The End of Public Financing?


The End of Public Financing?

By Mimi Murray Digby Marziani – 06/09/10

On Tuesday, the Supreme Court issued an order that can only be described as irresponsible. About two months from the primary election and five months from the general, the Court blocked the state of Arizona from providing its publicly-funded candidates with so-called trigger funds – additional public grants triggered by the high spending of nonparticipating opponents or hostile third parties. The Court, ruling on an emergency motion, offered no explanation with its three-sentence order. And, the Court breaks for the summer in two weeks, so there is virtually no chance that this case will be decided on its merits until fall. By that time, of course, it will be too late for many of Arizona’s candidates, who – in some cases – will have to wage hyper-competitive electoral contests on one-third of the funding they originally anticipated.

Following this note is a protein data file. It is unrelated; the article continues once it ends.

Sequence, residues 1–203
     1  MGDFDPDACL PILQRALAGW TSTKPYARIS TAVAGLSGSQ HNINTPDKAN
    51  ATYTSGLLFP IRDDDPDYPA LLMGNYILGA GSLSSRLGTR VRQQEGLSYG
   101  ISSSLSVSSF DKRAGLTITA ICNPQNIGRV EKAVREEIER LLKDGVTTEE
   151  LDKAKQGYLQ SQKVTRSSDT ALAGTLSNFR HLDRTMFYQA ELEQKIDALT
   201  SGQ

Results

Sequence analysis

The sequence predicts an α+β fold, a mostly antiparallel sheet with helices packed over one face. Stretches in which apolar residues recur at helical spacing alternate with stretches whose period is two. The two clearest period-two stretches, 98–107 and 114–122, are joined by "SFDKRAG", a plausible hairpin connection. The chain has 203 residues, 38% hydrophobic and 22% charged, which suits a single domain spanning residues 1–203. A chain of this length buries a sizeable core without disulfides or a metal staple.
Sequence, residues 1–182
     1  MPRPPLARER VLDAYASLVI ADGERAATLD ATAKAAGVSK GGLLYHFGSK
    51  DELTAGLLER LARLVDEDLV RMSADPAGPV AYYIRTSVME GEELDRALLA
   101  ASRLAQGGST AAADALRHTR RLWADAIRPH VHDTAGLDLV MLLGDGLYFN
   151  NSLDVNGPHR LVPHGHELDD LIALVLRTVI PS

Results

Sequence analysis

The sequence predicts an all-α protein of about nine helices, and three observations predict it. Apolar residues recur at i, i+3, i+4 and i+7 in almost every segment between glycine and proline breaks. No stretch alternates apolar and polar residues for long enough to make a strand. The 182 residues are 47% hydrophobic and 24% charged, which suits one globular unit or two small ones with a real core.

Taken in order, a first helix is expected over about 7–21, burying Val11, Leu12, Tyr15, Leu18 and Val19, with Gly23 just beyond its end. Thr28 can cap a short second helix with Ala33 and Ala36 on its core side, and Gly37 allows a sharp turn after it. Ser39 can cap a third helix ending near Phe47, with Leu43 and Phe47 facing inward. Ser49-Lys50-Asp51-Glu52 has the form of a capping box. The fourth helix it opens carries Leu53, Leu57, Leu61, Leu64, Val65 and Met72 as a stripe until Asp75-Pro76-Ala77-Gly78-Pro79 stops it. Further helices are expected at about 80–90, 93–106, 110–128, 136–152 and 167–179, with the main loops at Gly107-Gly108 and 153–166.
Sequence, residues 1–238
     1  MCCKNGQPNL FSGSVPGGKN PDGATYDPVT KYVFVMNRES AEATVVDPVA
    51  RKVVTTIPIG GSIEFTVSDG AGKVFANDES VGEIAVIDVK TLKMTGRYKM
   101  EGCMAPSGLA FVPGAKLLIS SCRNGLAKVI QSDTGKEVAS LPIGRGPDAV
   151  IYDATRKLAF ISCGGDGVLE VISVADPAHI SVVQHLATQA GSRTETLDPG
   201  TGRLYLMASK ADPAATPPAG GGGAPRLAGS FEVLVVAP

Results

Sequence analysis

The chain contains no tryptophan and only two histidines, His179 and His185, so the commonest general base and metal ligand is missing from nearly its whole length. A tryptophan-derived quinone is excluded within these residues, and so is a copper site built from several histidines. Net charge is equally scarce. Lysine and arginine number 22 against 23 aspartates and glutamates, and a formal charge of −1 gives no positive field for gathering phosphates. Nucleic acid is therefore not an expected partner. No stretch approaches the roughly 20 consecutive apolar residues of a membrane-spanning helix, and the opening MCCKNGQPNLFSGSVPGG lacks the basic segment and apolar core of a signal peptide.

In the aftermath, some are proclaiming the end of public funding programs writ large. The New York Times, for example, has sounded a death knell, predicting that “state finance programs [will] be the [C]ourt’s next conquest.” This story of demise is, however, greatly exaggerated.

Clearly, there is good reason to condemn the Court’s actions. But to decry the death of public financing is simply alarmist – and inaccurate. In fact, public funding of elections remains the constitutionally optimal way to curb political corruption. As the Supreme Court explained long ago in its famous Buckley v. Valeo decision, providing public money to finance campaigns “facilitate[s] and enlarge[s] public discussion and participation” and thus “furthers, not abridges, pertinent First Amendment values.”

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